BlastPoint’s March 2020 Map of the Month
Modernizing public transit toward zero-emission, clean energy takes courage, funding and strategic partnerships among dozens of stakeholders. Yet some cities have figured out how to make battery-electric public buses work for their communities and residents.
While still more expensive upfront than their diesel-powered ancestors, EV buses cost less in future maintenance, reduce tailpipe emissions, cut down on noise pollution, and help communities improve respiratory health.
We got to wondering which North American cities have been able to successfully coordinate and roll out EV buses so that we could learn how they’re doing it. Thus, we bring you BlastPoint’s March 2020 Map of the Month, featuring five North American cities that are leading the battery-powered bus revolution.
Denver, Colorado’s Regional Transportation District (RTD) adopted electric buses several years ago, and today operates one of the largest EV transit fleets in the U.S. The city has nearly 40 EV buses in operation today.
But it hasn’t come easy. State-level policies have had to be built from the ground up. Incentives that convince utilities to enter the EV landscape have had to be crafted and adopted. And operating costs due to the high price of electricity have had to be negotiated in court. These barriers are just some of the things that have kept the Mile-High City from reaching zero-emission goals.
Now, with new rates agreed upon through RTD’s working partnership with Xcel Energy, Denver is proving that green buses really do work. So much so that clean transit in Denver serves as a model for other cities that are considering the transition to battery-electric fleets.
In 2020, Portland’s Trimet Transit System is considered a seasoned veteran in fuel-efficiency vehicles. They’ve been experimenting with hybrids and alternate fuel-powered buses since the early aughts. With like-minded, regional partners like Portland General Electric helping to support the spread of adoption, it’s no wonder Portland leads the pack in fleet electrification.
But now they’ve taken things to the next level by harnessing the power of zero-carbon wind to fuel their fleets. Portland has purchased The New Flyer Xcelsior CHARGE™ zero-emission bus, which gets its power from wind turbines, a step that will surely help the city reach its goal of operating an entirely non-diesel fleet by 2040.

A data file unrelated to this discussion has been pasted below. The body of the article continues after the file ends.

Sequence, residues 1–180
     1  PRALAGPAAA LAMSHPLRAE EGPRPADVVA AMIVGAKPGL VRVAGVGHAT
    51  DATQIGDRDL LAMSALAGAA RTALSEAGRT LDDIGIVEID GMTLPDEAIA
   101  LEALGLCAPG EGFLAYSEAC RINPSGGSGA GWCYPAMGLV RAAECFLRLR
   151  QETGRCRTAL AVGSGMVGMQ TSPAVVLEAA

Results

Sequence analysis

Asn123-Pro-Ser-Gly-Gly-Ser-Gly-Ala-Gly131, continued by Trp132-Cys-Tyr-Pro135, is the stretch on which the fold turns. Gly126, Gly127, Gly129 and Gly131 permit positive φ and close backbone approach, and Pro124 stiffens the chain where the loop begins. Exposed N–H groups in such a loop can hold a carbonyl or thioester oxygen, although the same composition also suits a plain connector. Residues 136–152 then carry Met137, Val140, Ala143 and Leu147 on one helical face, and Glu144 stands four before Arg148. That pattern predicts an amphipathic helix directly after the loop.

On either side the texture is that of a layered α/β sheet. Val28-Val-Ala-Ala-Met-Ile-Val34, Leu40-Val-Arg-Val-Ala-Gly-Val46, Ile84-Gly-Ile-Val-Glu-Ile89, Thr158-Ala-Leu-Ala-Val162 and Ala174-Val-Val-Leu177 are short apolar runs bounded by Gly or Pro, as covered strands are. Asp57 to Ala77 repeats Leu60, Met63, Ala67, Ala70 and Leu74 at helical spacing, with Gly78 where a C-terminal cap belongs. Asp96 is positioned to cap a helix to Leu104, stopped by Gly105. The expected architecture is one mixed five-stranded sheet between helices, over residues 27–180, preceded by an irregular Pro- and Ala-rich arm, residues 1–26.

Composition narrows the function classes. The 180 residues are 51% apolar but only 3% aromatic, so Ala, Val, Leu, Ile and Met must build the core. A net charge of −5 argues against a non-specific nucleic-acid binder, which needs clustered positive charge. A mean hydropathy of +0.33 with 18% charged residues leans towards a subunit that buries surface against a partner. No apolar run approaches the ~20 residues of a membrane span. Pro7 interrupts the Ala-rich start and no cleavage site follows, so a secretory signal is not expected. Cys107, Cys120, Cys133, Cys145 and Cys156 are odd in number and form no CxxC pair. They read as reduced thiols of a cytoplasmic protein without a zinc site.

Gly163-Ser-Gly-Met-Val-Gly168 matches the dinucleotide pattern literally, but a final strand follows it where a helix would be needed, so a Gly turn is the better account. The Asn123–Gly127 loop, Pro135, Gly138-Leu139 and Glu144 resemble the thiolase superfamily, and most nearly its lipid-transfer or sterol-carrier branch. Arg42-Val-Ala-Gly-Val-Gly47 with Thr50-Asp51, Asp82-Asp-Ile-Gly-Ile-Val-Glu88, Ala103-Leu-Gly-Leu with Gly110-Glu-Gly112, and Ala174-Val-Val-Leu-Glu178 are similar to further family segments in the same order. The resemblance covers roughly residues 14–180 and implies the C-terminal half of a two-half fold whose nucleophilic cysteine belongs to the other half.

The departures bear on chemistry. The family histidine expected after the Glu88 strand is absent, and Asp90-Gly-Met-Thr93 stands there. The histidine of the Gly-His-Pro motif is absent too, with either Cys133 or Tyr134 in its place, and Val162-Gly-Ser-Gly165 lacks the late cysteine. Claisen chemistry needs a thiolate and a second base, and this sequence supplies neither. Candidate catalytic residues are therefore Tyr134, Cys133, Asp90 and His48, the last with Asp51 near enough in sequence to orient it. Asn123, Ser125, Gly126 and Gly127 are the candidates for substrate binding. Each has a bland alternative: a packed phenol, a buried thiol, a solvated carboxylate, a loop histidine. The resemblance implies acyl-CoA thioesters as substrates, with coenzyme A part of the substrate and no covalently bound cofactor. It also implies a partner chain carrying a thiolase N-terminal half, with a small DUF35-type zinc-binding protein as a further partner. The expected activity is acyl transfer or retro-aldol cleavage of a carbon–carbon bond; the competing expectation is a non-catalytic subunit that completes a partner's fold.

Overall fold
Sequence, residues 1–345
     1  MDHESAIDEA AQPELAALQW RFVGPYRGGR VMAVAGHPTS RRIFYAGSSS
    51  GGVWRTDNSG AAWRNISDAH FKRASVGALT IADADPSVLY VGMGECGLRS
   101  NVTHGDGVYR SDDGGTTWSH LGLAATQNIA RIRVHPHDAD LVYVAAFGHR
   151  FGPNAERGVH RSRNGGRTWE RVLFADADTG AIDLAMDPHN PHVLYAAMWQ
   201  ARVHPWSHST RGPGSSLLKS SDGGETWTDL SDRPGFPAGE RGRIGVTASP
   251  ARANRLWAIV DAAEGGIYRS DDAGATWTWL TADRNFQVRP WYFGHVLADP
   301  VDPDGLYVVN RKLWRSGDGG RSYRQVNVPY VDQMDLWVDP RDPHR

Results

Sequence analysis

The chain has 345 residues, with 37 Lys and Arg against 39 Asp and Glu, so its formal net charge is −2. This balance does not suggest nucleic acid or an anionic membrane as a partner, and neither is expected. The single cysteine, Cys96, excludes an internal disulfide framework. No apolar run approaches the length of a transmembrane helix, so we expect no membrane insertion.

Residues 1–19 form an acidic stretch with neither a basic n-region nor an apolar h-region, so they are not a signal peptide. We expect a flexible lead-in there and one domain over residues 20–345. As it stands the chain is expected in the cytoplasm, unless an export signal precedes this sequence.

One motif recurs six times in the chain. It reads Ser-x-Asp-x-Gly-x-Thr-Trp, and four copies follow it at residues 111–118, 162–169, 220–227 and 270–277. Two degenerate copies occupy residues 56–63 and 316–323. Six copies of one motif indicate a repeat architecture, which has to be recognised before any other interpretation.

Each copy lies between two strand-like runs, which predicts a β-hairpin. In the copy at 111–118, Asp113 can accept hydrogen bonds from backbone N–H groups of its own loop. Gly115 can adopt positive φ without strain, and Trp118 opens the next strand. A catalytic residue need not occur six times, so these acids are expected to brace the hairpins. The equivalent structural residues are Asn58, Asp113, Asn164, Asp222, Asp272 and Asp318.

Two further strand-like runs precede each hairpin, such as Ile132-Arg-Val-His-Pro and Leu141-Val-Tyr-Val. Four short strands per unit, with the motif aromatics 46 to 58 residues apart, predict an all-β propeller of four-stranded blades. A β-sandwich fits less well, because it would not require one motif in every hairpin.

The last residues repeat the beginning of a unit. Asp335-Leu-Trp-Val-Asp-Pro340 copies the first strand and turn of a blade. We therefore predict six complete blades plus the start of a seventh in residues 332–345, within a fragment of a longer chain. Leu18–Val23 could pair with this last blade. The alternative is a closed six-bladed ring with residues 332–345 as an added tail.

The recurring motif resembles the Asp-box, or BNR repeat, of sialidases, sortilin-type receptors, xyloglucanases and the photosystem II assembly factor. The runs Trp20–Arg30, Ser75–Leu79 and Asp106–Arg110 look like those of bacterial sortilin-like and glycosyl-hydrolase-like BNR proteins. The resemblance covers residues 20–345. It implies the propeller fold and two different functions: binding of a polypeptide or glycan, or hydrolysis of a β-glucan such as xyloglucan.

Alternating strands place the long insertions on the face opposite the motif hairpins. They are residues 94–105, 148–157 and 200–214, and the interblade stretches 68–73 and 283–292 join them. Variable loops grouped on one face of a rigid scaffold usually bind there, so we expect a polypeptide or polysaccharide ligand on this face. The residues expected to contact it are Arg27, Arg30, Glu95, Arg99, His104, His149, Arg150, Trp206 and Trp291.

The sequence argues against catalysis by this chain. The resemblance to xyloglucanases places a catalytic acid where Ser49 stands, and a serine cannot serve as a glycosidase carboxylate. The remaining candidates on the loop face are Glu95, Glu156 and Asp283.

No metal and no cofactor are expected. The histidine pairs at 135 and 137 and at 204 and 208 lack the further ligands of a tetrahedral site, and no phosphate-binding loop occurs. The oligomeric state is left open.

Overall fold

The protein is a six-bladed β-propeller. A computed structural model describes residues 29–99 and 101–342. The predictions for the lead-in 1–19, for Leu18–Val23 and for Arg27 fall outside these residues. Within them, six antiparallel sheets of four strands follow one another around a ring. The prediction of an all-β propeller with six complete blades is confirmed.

Austin’s Capital Metro announced in January that it had officially launched its first two of what will eventually be 80 electric buses over the next five years. The new vehicles arrive as part of the city’s Project Connect program, which is working toward an “all-electric, zero-emission transit system” across Austin.
These clean-powered fleet buses come from Colorado manufacturer Proterra, two years ahead of schedule, thanks to grants from both the U.S. Department of Transportation and Texas Commission on Environmental Quality.
We’ll be keeping eyes on Austin in the coming months to see how the rollout affects ridership, air quality and operations costs.
The Toronto Transit Commission, the largest transit operator in Canada, introduced two battery electric buses onto the streets of “Hogtown” in January, with eight more from Los Angeles, CA-based manufacturer BYD on the way.
But this BYD order of 10 is merely the icing on TTC’s electric bus cake. They’ve got 25 more coming from Colorado’s Proterra, and another 25 on the way from the nearly 100-year old Winnipeg-founded New Flyer Industries, Inc.
Funding for this massive investment in green infrastructure comes from the Government of Canada and the City of Toronto as part of the federal Public Transit Infrastructure Fund (PTIF).
Perhaps it’s this kind of commitment to clean technology that earned Toronto the title of 2019’s 2nd Best City in North America for Quality of Life.
New York, NY
New York City’s Metropolitan Transportation Authority (MTA) released 15 all-electric articulated buses onto the streets of Manhattan in January. “Articulated” refers to those extra-long buses that have the accordion connector section in the middle so that they can carry more passengers.
Along with the new buses, which replace those that have been operating since the 1980s, come 16 EV charging units and one mobile charger. This move reflects Phase 1 of the city’s plan to acquire 500 total green EV buses so that a clean fleet can serve all five of the city’s boroughs.
It’s an ambitious goal for such an enormous city. But NYC’s 2020-2024 Capital Plan makes stakeholders prepared, as they’ve dedicated nearly $55 billion in transit infrastructure investments to be released over the five-year period. Only some of that money goes toward battery-powered buses, though; the rest will go toward upgrading the city’s aging subway system, shoring up tunnels and bridges, and modernizing rider access.
We wish the Big Apple all the best in this gargantuan endeavor. The 2.4 million people who ride its buses every day ought to be grateful for the reduced tailpipe emissions.
Does your city operate battery-electric public buses? We’d love to hear about it! Do you have a personal story you’d like to share about riding an electric bus? Tell us! We love hearing from you.